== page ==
A natural park and grazing area for goats comprised of forest, cliffs and rocky hills where bonsai arius tree abound. If you want to hike to Rapang Cliffs, you will need to hire a separate guide since the area passes through private property. The only way to get here is to walk from the town proper.
The hike takes about 5-7 hours (back and forth) depending on your pace. The hike will take you through several hills, through forests and clambering up rocky cliffs before you reach a high point overlooking the island. Allot one day for this activity (with free time in the afternoon). Alternatively, you can start your hike at 3am, catch the sunrise there, and get back to town by 8am if you need to catch the boat back to Basco the same day. Bring lots of water and light snacks and/or packed lunch.
Guide for Rapang Cliffs: Jose Valiente – 0949-6200184. Guide fee: P1000/day (regardless of size of group)
At the base of Rapang Cliffs, you can find the stone bell, a flat stone which lies naturally upon another stone, which produces melodious sounds resembling a bell when struck with stones. Striking the stone bell served as an alarm for the ancient inhabitants when enemies were approaching. The bell was also used by farmers as a signal for meetings and to gather their goats.
The Beach of Kaxobcan
Since Itbayat is one of the world’s largest uplifted coral reefs, it does not have any beaches. However, we did come across a beach formed from a calamity. We made our way to another area where a natural beach was formed when an earthquake caused a landslide on one side of the cliff, leading to a small white sand beach surrounded by natural swimming holes in the cliffs.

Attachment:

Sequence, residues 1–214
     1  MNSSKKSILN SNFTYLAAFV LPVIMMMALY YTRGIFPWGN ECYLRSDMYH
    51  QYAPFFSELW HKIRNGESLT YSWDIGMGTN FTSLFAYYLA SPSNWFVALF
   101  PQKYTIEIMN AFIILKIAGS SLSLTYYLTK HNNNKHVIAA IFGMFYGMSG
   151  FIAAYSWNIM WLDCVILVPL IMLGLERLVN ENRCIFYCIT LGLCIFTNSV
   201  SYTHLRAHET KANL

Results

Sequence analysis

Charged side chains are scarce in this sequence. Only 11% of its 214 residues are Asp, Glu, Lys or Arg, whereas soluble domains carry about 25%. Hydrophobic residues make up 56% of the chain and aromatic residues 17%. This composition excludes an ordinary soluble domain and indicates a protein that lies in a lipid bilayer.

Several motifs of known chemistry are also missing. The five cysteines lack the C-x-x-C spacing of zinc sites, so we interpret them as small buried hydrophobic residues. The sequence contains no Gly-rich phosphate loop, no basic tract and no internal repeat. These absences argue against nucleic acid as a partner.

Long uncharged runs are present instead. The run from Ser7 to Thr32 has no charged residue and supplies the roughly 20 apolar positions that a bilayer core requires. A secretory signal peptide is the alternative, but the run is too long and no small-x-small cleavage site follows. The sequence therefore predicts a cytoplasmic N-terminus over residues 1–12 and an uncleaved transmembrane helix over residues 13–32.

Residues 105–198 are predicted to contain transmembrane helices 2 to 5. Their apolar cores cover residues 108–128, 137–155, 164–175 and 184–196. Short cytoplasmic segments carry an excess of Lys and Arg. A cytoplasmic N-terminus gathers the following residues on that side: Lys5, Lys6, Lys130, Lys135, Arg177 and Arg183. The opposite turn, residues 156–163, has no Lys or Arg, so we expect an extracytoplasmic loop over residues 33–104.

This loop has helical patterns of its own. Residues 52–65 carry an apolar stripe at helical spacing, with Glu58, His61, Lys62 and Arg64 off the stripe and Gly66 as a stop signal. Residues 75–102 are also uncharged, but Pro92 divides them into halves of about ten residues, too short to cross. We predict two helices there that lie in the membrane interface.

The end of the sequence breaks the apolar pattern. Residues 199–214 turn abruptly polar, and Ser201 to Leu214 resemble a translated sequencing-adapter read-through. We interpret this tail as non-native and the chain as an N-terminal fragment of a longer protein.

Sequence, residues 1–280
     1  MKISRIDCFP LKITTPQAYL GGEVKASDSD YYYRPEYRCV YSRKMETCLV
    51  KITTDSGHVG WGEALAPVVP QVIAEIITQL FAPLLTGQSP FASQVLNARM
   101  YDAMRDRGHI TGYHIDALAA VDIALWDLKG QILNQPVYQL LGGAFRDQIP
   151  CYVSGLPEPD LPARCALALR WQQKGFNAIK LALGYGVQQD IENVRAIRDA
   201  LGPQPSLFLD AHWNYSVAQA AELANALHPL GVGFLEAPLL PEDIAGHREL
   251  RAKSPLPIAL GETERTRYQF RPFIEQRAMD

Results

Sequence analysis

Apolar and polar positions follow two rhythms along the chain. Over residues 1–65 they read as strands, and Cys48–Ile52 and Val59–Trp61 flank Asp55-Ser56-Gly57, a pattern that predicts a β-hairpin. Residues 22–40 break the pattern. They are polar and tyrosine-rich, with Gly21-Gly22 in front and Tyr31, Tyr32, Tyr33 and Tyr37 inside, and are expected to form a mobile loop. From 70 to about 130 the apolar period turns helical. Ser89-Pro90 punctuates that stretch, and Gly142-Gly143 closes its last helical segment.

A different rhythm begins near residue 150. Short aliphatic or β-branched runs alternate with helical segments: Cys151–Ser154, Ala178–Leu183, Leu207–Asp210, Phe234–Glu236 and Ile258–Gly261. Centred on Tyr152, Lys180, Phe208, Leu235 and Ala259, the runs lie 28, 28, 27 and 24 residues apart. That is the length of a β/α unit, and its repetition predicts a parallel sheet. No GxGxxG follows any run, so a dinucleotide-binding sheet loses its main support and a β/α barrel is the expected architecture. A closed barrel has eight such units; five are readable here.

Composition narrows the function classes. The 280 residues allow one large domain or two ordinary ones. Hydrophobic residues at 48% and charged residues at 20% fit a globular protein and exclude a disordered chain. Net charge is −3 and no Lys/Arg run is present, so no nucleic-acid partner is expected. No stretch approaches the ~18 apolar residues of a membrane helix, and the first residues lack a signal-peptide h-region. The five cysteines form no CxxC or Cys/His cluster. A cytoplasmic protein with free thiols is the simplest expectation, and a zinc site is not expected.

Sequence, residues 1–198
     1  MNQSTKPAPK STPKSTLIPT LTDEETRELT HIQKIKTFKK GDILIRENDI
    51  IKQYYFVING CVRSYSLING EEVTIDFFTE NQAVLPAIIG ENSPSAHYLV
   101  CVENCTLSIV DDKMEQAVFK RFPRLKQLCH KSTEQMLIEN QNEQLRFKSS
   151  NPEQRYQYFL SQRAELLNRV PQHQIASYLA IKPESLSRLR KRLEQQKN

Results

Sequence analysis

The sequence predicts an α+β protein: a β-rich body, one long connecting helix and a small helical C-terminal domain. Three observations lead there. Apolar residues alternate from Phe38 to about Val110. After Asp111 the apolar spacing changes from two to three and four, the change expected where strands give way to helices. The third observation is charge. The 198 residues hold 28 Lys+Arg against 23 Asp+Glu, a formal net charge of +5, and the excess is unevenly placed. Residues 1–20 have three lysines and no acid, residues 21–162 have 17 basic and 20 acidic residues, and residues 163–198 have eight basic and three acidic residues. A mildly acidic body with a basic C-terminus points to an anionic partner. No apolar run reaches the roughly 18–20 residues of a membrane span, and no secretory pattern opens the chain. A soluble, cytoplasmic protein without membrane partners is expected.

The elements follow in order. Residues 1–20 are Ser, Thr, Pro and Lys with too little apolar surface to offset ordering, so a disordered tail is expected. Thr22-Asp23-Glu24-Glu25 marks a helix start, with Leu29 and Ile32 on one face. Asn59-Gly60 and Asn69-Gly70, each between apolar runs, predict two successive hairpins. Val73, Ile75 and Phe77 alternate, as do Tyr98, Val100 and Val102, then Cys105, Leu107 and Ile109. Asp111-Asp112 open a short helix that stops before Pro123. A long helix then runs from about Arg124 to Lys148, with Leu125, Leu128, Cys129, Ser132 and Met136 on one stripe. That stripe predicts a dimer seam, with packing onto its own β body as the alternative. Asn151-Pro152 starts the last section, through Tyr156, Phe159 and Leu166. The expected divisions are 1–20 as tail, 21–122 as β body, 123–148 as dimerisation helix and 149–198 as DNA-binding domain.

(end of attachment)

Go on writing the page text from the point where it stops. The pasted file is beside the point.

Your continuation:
According to our guide, Jose, we were only the second group he had taken to that site. Locals haven’t been to this spot either, and it doesn’t seem to be in any tourist map or guide yet. The water here looked so enticing. I only wish I could have gone down the cliffs to take a swim.
Other tourist attractions:
- Mt. Riposed – one of the two volcanoes considered to have been the foundation of Itbayat, from where you can get a panoramic view of the island.
- Nahili Votox – an ancient settlement with boat-shaped burial markers.
- Komayasakas Cave and Water Source – an underground stream on the Northwest of Itbayat which flows to the sea.
- Manoyok – a sinkhole that serves as a giant drainage of the town of Itbayat. Manoyok is believed to be a haunted sinkhole because ancestors used to throw witches there as punishment according to local justice system during the ancient times.
- Other Caves: Northern Sarokan, Eastern Sarokan, Pevangan Cave, Do’tboran Cave
- Agosan Rocks – a rock formation north of Itbayat
- Port Mauyen – alternative port south of Itbayat